Buy it: die.
e.g. During the car crash, I thought I was going to buy it.

Much of a muchness: practically the same.
e.g. I don’t see any difference between the twins; they’re pretty much of a muchness to me.

Catch it: be scolded.
e.g. If you do this again, you’ll catch it.


Also-ran: someone not likely to win.
e.g. In this presidential election, he was just an also-ran. In less than two months, he called it quit.

Turn in: go to bed.
e.g. Come on, guys, it’s time to turn in.

Stephen Lau

Copyright© by Stephen Lau

Saturday, September 19, 2020

Prepositions and Phrasal Verbs

The use of prepositions is one of the difficult aspects of learning English. A preposition is a functional word that appears before nouns and relates to some other constructions in the sentence.

A phrasal verb is a combination of a verb and one or more prepositions that functions as a single unit of meaning. Phrasal verbs are commonly used in writing. As an ESL learner, learn some prepositional phrases:

FROWN

Frown at: scowl at someone or something.

e.g. She frowned at my cat and gave her a kick.

Frown on: show disapproval.


e.g. His parents frown on everything he does.

DRINK

Drink down: consume something by drinking it.

e.g. He drank down the medicine, and felt better.

Drink in: absorb sight or information.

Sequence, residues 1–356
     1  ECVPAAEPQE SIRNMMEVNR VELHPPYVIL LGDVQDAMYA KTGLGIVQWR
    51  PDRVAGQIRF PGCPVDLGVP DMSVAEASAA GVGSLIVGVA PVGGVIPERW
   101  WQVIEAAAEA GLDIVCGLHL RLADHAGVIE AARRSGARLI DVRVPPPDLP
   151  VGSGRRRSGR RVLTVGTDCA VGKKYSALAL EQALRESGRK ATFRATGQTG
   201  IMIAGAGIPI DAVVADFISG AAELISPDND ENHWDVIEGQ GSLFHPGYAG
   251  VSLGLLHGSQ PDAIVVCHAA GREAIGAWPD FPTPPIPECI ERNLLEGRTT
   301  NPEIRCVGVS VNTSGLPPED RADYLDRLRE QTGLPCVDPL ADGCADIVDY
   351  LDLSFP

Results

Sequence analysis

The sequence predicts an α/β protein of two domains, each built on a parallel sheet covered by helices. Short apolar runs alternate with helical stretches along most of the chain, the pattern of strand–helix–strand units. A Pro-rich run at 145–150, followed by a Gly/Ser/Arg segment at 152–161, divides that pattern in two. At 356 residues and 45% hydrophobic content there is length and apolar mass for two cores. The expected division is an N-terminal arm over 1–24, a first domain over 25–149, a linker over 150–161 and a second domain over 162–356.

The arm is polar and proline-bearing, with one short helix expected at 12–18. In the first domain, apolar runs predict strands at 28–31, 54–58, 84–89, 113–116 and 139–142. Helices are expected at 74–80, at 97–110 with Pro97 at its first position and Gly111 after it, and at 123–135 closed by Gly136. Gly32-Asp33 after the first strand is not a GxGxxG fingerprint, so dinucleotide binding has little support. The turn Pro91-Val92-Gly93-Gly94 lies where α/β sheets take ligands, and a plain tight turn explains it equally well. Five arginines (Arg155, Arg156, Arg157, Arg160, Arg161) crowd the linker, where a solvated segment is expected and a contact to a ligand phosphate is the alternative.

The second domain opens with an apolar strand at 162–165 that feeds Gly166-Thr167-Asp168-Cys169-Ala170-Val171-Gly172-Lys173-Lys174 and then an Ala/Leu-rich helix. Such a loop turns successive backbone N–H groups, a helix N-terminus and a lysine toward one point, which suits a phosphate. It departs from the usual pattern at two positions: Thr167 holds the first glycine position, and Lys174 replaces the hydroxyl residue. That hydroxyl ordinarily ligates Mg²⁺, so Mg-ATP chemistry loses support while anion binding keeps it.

e.g. He was standing on the beach, trying to drink in the beauty around.

 e.g. It would take time to drink in the significance of the message.

Drink under the table: be able to drink more alcohol that someone else.

e.g. I bet I can drink you under the table.

Drink up: consume all of something.

e.g. Do you think you can drink up this bottle of wine?

HOLD

Hold no brief for: tolerate someone or something.

e.g. I hold no brief for that kind of behavior.

Hold off: delay; restrain.

e.g. The air strike might hold off the enemies for some time.

Hold one's end up: carry one's share of the bargain or burden.

e.g. We expect you to hold your end up and keep your promise to back us up.

e.g. With only that much money left, I don't know how long we could hold out.

Hold still for something: put up with something.

e.g. It is not easy to hold still for that kind of rude remark.